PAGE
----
You may have created tables of contents manually in the past. But Microsoft Word can create tables of contents where the headings and page numbers update along with your document.
When to Include a Table of Contents
If you’re writing for publication, you’ll likely not need to create a table of contents that corresponds to your manuscript.
But especially if you’re a student, you might find yourself needing to produce a table of contents.
Or for your thesis or dissertation, you’ll also likely need to include a table of contents.
Why to Let Word Manage Your Table of Contents
In any of these cases, creating and managing a table of contents by hand can be a nightmare.
You’ll need to replicate in the table of contents any edits you make to your headings or any changes that alter the page numbers for those headings.
You can save some of this effort by doing your table of contents at the end of your writing process.
But it’ll be much easier still if you simply let Word handle the whole table of contents from the start.
And let’s face it—you didn’t start writing up your research so that you could devote time to having a flawless table of contents.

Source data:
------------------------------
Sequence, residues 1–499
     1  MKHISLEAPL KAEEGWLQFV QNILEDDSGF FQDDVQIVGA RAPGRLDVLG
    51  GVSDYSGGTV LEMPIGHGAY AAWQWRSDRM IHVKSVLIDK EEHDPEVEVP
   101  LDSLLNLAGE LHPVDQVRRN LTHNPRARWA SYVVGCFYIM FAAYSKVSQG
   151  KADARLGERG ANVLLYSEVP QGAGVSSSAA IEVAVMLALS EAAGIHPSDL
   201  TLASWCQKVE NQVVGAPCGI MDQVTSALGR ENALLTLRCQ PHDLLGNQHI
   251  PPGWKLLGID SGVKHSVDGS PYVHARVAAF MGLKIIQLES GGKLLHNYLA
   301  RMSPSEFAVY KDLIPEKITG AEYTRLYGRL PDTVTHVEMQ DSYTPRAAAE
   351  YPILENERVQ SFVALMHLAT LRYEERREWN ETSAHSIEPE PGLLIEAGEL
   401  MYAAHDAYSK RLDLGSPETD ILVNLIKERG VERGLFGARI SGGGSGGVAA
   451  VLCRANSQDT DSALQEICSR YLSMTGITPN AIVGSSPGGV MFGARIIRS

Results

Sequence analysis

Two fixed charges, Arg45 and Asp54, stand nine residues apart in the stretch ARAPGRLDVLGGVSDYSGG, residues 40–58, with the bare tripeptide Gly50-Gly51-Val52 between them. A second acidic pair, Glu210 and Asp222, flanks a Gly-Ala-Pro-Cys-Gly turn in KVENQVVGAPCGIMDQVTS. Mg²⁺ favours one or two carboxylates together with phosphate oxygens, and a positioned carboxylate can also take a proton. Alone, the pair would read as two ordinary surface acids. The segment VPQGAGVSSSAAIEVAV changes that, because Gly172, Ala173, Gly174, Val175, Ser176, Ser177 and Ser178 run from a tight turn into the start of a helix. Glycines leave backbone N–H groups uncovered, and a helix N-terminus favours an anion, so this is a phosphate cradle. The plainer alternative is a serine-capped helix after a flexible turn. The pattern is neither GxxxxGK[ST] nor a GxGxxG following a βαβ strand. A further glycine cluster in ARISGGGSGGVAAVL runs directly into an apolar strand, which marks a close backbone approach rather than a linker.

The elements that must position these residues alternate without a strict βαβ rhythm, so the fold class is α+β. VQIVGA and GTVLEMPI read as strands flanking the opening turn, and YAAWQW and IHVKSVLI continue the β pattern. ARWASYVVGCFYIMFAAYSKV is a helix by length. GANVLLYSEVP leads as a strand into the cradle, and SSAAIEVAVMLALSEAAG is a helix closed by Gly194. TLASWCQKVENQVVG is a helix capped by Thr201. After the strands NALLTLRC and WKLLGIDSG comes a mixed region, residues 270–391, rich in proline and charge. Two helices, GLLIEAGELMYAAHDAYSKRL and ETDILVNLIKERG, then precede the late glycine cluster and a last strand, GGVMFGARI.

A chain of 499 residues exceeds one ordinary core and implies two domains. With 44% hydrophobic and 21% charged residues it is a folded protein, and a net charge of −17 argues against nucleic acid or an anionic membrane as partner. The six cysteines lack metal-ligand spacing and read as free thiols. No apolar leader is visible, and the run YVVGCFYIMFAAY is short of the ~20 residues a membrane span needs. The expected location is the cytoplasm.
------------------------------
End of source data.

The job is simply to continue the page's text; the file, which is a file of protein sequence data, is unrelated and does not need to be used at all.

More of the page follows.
So any time and effort you can save in preparing a table of contents will be a bonus.
If you allow Word to do this all for you, you can then put your time and attention into something more meaningful than manually formatting headings, indentations, line leaders, and page numbers.
If this sounds good to you, you’ll want to check out this step-by-step guide for exactly how to produce a dynamic table of contents.
The process isn’t hard. So take a read through it, and start turning your tables of contents over to Word.
How many hours would you guess you’ve spent manually creating or editing tables of contents?
Header image provided by Kaitlyn Baker
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